In nine days, Star Wars: The Force Awakens hits movie theaters, hoping to avenge the accidental tragicomedy known as the prequels. People are flocking to theaters to see it. If, like me, you’re one of them, consider a tailgate party near the theater, complete with all this Darth Vader grilling gear I found for you on Amazon.com. Just make sure mom doesn’t find it in the basement. We both know she’ll throw it all out like she did my old toy Millenium Falcon after I left for college. Which is now worth a fortune. That I don’t have. Because someone threw it out.
I’ve owned a lot of grills and smokers over more than 40 years of outdoor cooking… some were good, others not so. The best grill I’ve ever had – and still have – is my Broilmaster P-3 sold by Empire Comfort Systems.
Barbecue cooks have individual preferences about the proper meats and sauces to use, which differ from region to region. The various seasoning methods produce different results, and can be divided into three main categories: rubs–wet and dry, marinades, and sauces. Following are descriptions of each, along with cooking suggestions and recipes. Although barbecuing is one of the oldest cooking methods on earth, remember that the rules are not set in stone. Use these guidelines as a base, then create some classics of your own.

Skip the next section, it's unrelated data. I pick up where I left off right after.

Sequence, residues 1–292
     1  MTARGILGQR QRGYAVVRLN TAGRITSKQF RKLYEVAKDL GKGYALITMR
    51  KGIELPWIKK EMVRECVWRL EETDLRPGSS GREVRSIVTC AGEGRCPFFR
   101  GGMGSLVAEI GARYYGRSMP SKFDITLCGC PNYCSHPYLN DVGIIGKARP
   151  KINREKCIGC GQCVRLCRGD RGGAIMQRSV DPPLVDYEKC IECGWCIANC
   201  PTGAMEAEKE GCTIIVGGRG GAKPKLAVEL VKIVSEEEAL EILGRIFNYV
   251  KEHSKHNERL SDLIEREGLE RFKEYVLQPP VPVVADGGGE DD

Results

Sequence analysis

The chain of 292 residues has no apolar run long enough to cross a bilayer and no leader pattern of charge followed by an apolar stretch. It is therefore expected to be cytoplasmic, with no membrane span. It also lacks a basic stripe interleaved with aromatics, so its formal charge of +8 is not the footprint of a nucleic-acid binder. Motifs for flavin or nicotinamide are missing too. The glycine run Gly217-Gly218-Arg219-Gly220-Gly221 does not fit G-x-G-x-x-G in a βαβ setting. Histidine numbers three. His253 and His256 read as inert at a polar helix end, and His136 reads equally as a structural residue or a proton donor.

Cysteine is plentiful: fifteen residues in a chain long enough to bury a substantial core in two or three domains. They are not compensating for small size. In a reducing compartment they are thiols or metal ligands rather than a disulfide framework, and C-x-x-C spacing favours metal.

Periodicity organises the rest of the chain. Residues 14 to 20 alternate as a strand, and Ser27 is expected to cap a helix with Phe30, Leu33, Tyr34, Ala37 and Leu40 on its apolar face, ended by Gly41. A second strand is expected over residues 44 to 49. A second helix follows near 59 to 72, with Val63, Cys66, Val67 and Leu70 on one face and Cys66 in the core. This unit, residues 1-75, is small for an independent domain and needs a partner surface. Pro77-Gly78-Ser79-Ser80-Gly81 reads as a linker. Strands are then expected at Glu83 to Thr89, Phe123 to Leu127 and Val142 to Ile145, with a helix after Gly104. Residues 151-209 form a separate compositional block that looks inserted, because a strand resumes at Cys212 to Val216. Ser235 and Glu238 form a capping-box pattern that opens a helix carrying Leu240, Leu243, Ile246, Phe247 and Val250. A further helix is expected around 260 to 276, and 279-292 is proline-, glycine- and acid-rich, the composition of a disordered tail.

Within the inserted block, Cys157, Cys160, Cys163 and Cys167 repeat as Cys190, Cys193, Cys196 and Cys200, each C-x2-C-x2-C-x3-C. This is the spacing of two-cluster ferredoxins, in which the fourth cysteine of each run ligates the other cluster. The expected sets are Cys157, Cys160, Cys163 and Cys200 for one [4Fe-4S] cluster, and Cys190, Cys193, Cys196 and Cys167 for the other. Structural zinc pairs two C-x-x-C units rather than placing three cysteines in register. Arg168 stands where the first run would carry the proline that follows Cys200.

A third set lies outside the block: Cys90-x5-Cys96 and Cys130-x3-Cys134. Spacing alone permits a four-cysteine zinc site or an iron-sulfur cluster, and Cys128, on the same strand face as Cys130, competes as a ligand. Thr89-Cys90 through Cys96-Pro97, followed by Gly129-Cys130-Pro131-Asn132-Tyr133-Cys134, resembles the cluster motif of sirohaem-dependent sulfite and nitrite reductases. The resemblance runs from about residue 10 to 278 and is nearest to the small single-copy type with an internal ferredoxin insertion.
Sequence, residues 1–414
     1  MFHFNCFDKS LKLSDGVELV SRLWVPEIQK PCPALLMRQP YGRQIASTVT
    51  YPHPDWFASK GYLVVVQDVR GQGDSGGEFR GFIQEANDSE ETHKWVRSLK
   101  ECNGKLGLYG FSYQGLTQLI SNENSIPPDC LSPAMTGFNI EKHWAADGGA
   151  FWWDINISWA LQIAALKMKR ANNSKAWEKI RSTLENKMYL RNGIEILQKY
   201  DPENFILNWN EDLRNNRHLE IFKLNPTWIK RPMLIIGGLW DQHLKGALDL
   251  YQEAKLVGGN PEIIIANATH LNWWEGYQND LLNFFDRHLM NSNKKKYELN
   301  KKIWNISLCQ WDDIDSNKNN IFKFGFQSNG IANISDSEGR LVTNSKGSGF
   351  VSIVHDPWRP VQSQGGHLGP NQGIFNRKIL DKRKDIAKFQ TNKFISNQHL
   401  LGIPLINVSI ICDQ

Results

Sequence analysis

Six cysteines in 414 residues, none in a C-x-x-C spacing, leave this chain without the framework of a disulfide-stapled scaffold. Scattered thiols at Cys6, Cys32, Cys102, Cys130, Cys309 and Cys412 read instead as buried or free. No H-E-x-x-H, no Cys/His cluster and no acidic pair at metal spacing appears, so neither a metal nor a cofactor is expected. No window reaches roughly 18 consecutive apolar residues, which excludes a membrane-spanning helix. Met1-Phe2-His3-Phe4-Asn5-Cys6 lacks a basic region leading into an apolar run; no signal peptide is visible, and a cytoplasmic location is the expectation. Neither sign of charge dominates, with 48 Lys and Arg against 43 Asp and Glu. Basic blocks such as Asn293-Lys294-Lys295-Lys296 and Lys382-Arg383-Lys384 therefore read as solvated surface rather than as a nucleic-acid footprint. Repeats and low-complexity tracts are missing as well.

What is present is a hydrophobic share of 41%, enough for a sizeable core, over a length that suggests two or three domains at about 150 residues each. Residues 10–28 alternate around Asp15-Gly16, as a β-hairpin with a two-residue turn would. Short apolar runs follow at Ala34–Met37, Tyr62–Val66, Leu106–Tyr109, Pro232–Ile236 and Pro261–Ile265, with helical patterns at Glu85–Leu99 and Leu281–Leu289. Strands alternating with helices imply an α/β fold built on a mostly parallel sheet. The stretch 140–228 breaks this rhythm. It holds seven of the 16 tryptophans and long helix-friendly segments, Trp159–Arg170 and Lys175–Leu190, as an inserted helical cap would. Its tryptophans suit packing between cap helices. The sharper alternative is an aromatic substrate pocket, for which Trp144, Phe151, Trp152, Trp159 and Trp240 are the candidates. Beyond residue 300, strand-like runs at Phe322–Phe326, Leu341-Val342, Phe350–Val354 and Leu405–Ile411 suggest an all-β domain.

Pitmasters labor their entire careers to make the perfect brisket but a Harvard engineering class seems to have done just that in a single semester. It’s the sort of problem I would have loved to have faced in a college class. Unfortunately, my biggest post-high school food problem was what to mix with the day’s ramen noodles so that it tasted less like prior day’s ramen noodles.
I don’t own a paella pan but recently discovered an alternative… the Lodge pre-seasoned 15-inch seasoned steel skillet. It can be used on induction, ceramic, electric and gas cooktops, in the oven, on the grill, or even over a campfire or fire pit.
I have a lot of grills and smokers – I mean really a lot. I recently received something new that I didn’t have: a portable “Elevate Grill” by PointElevate. I’ve used the throw-away kind (the one that looks like a large aluminum turkey pan that is pre-filled with charcoal) at the pond for an impromptu cookout but the Elevate Grill is a real grill with two cooking surfaces powered by a small propane tank.
While there are dozens of bar tools available from liquor stores to housewares, there are really only 7 tools that you need to get your home bar started, and most of them are very inexpensive, or at least have lower-priced alternatives. Here is a list of recommendations.